The microprocessor 38, in addition to its operating system functions, preferably enables execution of software applications on the device. A predetermined set of applications which control basic device operations, including data and voice communication applications for example, will normally be installed on the device 10 during manufacture. A preferred application that may be loaded onto the device may be a personal information manager (PIM) application having the ability to organize and manage data items relating to the device user such as, but not limited to e-mail, calendar events, voice mails, appointments, and task items. Naturally, one or more memory stores would be available on the device to facilitate storage of PIM data items on the device. Such PIM application would preferably have the ability to send and receive data items, via the wireless network. In a preferred embodiment, the PIM data items are seamlessly integrated, synchronized and updated, via the wireless network, with the device user's corresponding data items stored or associated with a host computer system thereby creating a mirrored host computer on the mobile device with respect to the data items at least. This would be especially advantageous in the case where the host computer system is the mobile device user's office computer system. Further applications may also be loaded onto the device 10 through the network 19, an auxiliary I/O subsystem 28, serial port 30, short-range communications subsystem 40 or any other suitable subsystem 42, and installed by a user in the RAM 26 or preferably a non-volatile store (not shown) for execution by the microprocessor 38. Such flexibility in application installation increases the functionality of the device and may provide enhanced on-device functions, communication-related functions, or both. For example, secure communication applications may enable electronic commerce functions and other such financial transactions to be performed using the device 10.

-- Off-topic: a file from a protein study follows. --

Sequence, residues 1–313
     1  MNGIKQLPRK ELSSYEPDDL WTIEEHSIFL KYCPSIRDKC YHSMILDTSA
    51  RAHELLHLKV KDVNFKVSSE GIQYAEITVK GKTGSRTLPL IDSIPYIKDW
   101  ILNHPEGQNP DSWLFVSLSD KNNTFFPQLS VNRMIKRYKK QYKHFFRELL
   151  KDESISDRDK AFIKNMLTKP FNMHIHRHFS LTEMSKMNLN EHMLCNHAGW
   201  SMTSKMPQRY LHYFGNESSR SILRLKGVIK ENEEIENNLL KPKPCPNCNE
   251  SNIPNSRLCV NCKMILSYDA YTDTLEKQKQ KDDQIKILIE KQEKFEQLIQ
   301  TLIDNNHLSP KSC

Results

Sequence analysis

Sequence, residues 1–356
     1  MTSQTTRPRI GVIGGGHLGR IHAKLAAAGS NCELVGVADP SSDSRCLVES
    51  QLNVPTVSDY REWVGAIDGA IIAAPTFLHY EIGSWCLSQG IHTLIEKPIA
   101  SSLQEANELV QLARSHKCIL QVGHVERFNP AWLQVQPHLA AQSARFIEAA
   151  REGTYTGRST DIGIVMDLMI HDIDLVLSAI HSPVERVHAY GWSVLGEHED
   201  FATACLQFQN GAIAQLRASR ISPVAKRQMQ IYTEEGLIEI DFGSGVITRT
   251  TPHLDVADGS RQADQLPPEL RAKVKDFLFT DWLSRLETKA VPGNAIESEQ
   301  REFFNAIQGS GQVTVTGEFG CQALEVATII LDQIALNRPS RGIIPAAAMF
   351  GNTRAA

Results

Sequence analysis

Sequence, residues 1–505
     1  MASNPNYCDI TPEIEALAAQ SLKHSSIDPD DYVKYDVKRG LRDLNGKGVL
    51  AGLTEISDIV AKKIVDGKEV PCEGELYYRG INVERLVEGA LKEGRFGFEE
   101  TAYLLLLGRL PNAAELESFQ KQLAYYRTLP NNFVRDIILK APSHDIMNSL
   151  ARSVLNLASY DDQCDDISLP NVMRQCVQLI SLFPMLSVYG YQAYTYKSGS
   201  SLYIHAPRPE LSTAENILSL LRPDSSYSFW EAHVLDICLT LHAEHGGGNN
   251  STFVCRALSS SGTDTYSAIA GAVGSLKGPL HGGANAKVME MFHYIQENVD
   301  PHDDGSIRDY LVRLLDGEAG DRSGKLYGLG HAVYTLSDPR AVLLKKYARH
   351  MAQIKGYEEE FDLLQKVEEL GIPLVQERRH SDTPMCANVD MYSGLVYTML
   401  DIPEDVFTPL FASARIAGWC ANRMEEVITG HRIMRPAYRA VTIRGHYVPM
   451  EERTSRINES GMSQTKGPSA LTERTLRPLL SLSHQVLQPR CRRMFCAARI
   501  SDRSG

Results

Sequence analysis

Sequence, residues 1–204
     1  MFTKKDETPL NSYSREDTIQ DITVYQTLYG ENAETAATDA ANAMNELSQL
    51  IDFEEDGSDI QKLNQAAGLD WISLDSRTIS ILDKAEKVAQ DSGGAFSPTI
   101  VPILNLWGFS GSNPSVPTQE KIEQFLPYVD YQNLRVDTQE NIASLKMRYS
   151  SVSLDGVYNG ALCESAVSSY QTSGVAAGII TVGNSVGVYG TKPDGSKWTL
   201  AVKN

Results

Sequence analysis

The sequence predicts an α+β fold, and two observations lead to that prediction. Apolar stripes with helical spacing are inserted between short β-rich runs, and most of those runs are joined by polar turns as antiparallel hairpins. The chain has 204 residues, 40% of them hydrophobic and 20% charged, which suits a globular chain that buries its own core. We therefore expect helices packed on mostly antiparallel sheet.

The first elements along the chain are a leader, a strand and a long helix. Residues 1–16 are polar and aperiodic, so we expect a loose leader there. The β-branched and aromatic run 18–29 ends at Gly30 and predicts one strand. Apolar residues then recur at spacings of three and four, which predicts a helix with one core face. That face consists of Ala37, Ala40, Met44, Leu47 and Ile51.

In a data communication mode, a received signal such as a text message or web page download will be processed by the communication subsystem 11 and input to the microprocessor 38, which will preferably further process the received signal for output to the display 22, or alternatively to an auxiliary I/O device 28. A user of device 10 may also compose data items such as email messages for example, using the keyboard 32, which is preferably a complete alphanumeric keyboard or telephone-type keypad, in conjunction with the display 22 and possibly an auxiliary I/O device 28. Such composed items may then be transmitted over a communication network through the communication subsystem 11.